Their first season in a new league, and with the return of several strong, veteran players, the team is more than ready to hit the ice.
By Serena Droste '25
I have been involved in the John Taylor Babbitt (JTB) Walk with Heart Foundation for over 10 years. I would always either run or walk the course with friends, family, dogs, and people who I got to meet. I knew that it meant a lot to my family, and because I had been going since I was born, I knew the purpose and what it meant to everyone. I always knew it was for a good cause, and I really felt like I needed to take part in the action.
I personally knew the Babbitts, and my mother [Upper School Director Ananya Chatterji] had taught John '07. My whole life my mom told me the Walk was for something good. I had always watched the seniors talk about it at the Lower School as well as at the Walk itself, and I had a lot of questions and I was very curious.
Last winter, I contacted Mr. and Mrs. Babbitt, telling them about how I love going to the Walk and suggesting that they could come to me if they needed any additional help or support.
They asked me if I could go around the town of Basking Ridge (coincidentally, the town I live in), where the Upper and Middle School campuses are located and where the Walk takes place, requesting that people participate, and asking store owners if I could hang up the flyers on their bulletin boards. They also suggested that I talk to Mr. Corvino, the Lower School Director, and ask if I could sponsor a Dress Down Day.*
I was overjoyed to be asked by Mr. and Mrs. Babbitt to help out the Foundation. So, I did what I was told. Mr. Corvino told me I could sponsor the Dress Down Day, and recommended I make a flyer, explaining what the goals of the Foundation are.
Speaking of which, these are the JTB Foundation's goals:
• It works to install defibrillators (AEDs, or Automated External Defibrillator) in places of public assembly, meaning largely populated places where someone could have a heart episode at any time. Also, the Foundation works to propose legislation to support the placement of AEDs. This means persuading (presenting to) government officials that AEDs are necessary.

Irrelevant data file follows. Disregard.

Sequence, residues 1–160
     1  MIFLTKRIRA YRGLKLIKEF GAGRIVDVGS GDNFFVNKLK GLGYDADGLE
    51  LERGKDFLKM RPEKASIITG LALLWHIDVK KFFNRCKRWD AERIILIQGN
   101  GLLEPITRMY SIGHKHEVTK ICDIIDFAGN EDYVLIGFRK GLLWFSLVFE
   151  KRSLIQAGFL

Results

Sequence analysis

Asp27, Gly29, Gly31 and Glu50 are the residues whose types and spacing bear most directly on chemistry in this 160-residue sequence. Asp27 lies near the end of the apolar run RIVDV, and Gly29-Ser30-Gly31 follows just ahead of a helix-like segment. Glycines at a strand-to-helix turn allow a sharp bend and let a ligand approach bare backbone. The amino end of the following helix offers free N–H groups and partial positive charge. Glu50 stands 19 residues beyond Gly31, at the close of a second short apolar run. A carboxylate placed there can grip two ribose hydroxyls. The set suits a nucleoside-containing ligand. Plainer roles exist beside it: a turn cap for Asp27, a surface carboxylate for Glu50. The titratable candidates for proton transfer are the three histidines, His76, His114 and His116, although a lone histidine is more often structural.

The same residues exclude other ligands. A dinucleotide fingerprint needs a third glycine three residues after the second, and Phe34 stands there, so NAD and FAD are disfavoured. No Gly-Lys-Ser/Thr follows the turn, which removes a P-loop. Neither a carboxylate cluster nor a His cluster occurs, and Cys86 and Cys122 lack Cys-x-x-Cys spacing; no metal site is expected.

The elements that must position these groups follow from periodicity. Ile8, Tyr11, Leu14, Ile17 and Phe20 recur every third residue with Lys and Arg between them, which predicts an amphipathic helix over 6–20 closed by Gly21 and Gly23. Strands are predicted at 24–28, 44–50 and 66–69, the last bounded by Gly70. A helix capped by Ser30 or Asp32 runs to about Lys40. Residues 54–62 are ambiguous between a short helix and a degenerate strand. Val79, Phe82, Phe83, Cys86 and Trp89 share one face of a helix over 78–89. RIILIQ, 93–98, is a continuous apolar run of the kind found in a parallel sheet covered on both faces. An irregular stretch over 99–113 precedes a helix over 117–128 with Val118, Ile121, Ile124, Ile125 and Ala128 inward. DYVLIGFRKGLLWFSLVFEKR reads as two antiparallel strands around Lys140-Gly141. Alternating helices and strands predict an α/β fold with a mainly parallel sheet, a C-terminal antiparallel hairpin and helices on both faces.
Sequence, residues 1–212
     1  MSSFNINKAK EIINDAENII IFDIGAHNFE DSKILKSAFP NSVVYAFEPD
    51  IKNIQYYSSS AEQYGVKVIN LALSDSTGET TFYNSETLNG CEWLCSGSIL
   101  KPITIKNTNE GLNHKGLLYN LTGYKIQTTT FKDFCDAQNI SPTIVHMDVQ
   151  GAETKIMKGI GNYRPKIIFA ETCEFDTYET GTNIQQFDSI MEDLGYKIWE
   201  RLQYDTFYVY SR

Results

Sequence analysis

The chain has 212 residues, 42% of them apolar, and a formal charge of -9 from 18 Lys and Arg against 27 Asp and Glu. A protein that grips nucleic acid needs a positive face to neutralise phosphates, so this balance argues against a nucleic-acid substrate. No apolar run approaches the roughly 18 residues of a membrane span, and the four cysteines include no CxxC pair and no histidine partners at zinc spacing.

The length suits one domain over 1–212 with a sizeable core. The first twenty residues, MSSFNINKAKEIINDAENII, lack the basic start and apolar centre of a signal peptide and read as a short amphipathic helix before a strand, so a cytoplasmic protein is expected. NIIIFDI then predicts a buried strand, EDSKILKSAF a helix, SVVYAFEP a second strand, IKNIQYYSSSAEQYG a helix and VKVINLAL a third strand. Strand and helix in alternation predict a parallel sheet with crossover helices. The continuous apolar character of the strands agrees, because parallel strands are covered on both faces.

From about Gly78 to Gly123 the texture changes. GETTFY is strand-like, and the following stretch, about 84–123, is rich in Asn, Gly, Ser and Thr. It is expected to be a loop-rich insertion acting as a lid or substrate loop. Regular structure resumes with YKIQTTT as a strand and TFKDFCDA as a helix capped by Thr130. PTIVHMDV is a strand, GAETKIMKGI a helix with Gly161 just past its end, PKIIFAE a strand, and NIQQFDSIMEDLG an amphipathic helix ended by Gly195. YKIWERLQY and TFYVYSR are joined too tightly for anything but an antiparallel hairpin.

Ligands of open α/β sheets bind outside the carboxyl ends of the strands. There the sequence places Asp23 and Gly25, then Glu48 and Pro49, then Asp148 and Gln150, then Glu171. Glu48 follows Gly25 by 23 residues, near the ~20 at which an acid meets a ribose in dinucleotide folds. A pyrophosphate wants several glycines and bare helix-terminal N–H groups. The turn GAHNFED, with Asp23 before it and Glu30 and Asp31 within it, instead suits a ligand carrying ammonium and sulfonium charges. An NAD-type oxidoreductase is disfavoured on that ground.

• It establishes clubs, known as Heart Clubs, in schools and colleges to increase awareness of Sudden Cardiac Arrest and save lives.
• It supports medical research on genetic cardiac disorders that increase the risk of Sudden Cardiac Arrest.
I sent Mr. Corvino the flyer, and we picked a date for the Dress Down Day. Mr. Corvino also told me that the Lower School's yearly assembly about the Walk was coming up! So, I joined the Pingry seniors to present to the Lower School students about Walk with Heart. I was excited to be able to run an assembly with the seniors! I talked about my experience with the Walk, and what the JTB Foundation does by reading my flyer.
When the day of the event came last May, it went amazingly! A lot more people attended the Walk from the Lower School—even people in my grade— than last year.
For over 10 years, I have walked those two miles, maybe in my mom's arms, in a stroller, or maybe on my own two legs. But I always have fun! I am so glad I got to have a more active role in the Walk last spring. In the past, I arrived at the Walk, enjoyed it, and never knew how much time went into the planning beforehand. I know there are still hundreds of hours I have not seen, but now I am starting to understand how hard it is to work for the Foundation. I really hope to continue my involvement while I am in the Middle School and Upper School.
*A Dress Down Day is a day during which Pingry students may "dress down," wearing casual clothes not part of the School's traditional dress code. Students may request a Dress Down Day to encourage fellow students, faculty, and staff to support a cause of their choosing, in exchange for the opportunity to dress down.
Contact: Andrea Dawson, Senior Writer, firstname.lastname@example.org